Friday, October 5, 2012

Jason goes to Berlin and Beyond--closing day/night

[Correction: In an earlier version of this post I stated that Berlin and Beyond was moving back to January, and the next festival would be in January 2014. I was incorrect, there will be a January 2013 Berlin and Beyond film festival. And that makes me happy. --Jason]

So I missed most of Berlin and Beyond, just catching opening night and the final day (and night.) So here we go with 4 movies last Thursday.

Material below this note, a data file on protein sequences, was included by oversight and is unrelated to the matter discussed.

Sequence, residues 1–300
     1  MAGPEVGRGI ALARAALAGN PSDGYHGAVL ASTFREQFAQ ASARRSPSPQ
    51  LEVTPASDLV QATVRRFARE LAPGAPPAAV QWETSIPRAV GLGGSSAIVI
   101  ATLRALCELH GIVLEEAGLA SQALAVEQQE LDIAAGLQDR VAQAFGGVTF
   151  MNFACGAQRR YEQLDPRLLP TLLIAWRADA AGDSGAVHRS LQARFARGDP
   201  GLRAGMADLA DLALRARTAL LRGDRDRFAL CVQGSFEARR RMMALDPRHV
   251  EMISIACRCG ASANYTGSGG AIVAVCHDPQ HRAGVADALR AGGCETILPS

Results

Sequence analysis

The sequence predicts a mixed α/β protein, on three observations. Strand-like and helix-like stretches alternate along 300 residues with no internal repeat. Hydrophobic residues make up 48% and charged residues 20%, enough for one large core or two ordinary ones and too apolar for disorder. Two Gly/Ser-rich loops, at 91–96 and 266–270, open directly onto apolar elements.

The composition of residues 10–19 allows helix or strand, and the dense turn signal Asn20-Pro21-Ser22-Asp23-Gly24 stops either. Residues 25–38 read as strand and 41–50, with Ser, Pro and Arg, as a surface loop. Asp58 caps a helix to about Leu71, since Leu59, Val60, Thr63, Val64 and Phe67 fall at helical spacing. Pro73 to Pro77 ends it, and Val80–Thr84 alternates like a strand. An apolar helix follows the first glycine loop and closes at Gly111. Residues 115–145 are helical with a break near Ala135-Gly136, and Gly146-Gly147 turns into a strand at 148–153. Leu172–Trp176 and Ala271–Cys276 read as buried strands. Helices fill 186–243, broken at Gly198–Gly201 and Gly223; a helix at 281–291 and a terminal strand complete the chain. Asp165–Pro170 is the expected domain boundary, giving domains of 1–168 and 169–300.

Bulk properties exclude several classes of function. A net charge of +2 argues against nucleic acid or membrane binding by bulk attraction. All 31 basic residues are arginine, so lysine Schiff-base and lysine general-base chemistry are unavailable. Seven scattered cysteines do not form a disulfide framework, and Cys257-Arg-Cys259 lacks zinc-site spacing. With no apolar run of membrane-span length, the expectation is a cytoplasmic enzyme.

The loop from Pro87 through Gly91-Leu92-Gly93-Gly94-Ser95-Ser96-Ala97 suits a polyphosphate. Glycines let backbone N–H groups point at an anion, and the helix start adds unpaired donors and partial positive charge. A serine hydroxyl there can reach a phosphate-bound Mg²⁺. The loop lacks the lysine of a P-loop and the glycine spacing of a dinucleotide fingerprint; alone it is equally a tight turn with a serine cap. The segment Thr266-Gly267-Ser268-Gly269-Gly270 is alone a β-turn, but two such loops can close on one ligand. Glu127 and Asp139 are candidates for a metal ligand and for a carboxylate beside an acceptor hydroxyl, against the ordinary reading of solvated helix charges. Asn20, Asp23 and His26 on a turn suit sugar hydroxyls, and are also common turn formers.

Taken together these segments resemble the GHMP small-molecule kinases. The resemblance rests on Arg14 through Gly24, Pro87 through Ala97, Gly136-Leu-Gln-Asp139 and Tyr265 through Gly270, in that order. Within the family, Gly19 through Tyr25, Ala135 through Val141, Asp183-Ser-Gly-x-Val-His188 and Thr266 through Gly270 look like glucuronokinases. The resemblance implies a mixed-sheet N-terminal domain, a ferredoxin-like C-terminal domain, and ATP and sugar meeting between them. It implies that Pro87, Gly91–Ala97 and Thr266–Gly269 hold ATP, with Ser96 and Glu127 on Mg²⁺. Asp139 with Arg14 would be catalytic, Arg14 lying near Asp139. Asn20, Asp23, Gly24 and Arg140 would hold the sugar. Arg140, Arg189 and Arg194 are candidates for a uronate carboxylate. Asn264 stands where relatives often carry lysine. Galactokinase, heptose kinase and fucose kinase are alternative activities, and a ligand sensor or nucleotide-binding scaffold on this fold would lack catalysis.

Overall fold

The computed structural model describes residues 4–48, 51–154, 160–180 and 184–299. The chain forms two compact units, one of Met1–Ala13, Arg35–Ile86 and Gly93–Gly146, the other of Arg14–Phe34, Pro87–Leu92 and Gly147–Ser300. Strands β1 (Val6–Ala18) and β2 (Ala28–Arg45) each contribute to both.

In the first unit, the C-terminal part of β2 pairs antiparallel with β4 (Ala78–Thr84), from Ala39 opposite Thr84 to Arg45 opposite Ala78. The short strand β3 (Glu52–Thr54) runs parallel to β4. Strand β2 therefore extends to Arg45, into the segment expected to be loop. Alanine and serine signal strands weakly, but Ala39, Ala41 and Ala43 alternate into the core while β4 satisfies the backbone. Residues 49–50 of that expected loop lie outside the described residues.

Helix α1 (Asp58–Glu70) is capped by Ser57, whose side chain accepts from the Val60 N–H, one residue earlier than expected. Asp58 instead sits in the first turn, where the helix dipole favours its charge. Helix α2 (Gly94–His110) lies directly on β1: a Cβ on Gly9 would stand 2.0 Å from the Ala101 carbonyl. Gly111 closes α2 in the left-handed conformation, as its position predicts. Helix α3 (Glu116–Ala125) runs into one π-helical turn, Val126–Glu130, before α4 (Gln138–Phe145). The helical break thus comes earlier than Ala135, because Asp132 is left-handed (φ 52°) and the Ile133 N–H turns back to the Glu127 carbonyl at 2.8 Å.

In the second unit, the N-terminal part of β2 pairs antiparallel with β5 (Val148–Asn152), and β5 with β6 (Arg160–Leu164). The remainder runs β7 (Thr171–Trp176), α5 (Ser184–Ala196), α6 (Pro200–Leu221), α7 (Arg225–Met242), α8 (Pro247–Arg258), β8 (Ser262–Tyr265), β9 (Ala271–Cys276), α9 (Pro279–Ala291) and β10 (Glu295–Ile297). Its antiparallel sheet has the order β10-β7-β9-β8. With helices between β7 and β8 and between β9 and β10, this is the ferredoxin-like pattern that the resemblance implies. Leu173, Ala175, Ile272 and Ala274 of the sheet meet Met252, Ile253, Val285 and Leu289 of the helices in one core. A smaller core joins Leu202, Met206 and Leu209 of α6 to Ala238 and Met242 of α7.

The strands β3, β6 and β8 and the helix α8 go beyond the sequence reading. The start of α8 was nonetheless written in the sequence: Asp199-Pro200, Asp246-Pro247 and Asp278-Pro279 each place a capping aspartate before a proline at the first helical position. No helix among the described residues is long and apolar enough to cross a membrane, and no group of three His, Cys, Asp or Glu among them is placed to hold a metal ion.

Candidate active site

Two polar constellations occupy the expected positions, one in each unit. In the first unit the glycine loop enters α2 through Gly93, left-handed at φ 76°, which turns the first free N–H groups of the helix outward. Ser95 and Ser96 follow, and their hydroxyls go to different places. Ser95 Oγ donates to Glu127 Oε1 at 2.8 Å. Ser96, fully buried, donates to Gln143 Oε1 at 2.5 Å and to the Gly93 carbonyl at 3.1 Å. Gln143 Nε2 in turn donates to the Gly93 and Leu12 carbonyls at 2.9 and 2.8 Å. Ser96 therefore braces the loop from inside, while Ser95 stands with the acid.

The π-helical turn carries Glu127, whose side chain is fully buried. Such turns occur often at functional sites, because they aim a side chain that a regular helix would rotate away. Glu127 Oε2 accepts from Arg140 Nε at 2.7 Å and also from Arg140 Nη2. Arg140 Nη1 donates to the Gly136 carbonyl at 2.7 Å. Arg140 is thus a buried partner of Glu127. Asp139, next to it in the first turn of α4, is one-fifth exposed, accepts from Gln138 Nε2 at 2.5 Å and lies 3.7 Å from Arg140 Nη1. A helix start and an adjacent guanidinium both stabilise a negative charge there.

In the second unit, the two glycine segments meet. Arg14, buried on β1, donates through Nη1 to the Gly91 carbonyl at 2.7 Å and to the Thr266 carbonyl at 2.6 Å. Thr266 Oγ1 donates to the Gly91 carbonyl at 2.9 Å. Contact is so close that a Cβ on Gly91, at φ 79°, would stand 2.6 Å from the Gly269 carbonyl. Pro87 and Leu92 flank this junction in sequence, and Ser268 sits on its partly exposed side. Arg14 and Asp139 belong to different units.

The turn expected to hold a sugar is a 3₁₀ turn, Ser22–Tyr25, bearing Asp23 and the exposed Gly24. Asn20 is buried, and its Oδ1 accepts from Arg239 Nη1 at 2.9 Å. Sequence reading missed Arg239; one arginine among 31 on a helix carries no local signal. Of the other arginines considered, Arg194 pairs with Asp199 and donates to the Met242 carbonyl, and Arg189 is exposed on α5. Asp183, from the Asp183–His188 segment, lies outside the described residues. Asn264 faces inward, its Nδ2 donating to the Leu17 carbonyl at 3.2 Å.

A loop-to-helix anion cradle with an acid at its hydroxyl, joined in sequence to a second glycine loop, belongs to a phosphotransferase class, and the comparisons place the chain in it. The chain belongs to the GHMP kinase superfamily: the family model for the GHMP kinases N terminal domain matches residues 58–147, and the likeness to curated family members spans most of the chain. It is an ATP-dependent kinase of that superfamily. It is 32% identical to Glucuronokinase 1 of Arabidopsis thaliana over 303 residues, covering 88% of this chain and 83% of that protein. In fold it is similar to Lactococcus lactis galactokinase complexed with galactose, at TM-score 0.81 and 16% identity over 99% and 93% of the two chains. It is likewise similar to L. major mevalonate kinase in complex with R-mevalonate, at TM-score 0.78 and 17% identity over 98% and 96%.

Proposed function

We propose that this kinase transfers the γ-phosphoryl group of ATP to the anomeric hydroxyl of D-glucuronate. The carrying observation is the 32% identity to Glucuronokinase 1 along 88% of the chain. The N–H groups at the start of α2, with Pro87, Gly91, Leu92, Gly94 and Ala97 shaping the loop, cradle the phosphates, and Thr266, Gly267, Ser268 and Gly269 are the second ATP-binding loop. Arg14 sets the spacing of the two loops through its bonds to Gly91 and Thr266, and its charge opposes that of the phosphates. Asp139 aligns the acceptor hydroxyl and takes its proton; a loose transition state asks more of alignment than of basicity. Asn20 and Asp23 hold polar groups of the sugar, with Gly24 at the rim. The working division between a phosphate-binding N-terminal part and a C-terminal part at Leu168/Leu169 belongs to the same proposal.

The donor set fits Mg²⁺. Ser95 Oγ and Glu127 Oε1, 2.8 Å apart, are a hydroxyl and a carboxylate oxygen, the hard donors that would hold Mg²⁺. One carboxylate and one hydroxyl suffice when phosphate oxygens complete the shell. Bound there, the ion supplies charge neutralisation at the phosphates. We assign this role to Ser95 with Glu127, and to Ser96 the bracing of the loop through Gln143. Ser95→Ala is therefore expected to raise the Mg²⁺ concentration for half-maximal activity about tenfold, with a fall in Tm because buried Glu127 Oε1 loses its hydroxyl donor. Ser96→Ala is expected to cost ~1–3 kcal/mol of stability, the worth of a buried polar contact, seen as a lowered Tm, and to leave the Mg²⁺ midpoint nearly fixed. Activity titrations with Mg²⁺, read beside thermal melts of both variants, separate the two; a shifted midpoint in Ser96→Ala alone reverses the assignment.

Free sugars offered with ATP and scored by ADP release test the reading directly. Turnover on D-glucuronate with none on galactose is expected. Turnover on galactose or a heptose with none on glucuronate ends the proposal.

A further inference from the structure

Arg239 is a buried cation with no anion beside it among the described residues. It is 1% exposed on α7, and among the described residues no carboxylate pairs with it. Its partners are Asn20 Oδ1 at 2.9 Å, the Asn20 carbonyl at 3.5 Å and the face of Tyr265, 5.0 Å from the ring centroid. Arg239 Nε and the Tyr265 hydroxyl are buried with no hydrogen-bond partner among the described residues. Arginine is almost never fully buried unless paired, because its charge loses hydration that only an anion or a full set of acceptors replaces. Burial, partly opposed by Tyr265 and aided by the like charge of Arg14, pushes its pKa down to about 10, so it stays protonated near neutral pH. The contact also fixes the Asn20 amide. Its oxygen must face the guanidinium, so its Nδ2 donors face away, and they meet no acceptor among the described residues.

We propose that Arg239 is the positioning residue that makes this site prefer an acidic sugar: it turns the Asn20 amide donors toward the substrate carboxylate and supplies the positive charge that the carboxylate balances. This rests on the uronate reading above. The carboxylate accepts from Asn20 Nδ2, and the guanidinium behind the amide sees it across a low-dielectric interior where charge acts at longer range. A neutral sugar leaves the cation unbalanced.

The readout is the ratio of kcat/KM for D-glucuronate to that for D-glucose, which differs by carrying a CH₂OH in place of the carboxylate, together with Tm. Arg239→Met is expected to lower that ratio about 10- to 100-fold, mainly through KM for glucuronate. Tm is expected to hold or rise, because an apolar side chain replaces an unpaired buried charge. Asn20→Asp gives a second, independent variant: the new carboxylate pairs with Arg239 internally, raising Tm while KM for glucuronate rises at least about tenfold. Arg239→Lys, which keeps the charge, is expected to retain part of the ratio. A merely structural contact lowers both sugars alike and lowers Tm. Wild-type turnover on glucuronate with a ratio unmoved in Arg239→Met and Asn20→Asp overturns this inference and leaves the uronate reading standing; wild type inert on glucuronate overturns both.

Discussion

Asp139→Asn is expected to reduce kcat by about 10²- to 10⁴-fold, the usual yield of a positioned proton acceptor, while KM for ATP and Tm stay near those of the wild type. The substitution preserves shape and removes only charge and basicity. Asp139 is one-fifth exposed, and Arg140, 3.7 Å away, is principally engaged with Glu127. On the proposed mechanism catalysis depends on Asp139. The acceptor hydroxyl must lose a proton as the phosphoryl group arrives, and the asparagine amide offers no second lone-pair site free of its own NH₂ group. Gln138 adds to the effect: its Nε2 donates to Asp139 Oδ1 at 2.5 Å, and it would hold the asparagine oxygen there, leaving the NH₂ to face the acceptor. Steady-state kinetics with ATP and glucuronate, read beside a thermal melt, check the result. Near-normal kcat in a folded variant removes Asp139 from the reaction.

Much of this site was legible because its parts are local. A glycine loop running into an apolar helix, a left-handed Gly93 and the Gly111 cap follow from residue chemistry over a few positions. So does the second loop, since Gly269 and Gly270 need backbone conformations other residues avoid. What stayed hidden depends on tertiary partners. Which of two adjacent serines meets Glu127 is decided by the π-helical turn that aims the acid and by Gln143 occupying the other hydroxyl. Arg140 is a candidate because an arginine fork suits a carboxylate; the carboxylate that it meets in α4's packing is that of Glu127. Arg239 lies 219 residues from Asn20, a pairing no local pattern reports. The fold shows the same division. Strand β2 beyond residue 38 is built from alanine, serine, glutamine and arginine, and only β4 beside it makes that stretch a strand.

First up was LESSONS OF A DREAM, a schoolyard comedy/drama set in 1874 Brunswick. So normally I try to eschew comparisons describing a film as "[Insert film name] set in [time/place] with [this twist.]" I think it's lazy writing and it belittles the film in question. But this time it's just too perfect--it's DEAD POETS SOCIETY set in 1874 Germany with soccer (and without Robin Williams hamming it up.) Konrad Koch (Daniel Brühl) is brought to the school in Brunswick to teach English. He had spent 4 years on the island, so he's fluent not just in the language but in the culture. Of course, this is the Kaiser's Germany, who had just conquered France and most of those in charge care more about obedience and discipline, not comradeship and understanding foreign cultures. Who cares if you pronounce your "th" correctly if you're just there to kill as many Englishman as are necessary to conquer them? Well, after some struggle Koch breaks through with his students by introducing them to the strange English game of football. And then the real struggles start, as the kids love the game but the powers that be hate it as anarchic and don't like how Koch is encouraging his students to rebel. It's wonderful watching the kids come alive playing soccer, especially how the smallest kid--the proletariat whose mother works in the factory--becomes the star striker. And it's hilarious to watch the adults protesting against the moral degradation of soccer. And, of course, it all has to culminate in a big tournament, against an English team coached by Koch's friend. The German kids aren't just playing to win, they're playing to win the hearts of the entire town and the Kaiser's observers who are there to see whether there's anything worthwhile to this game and whether it should be added to the curriculum.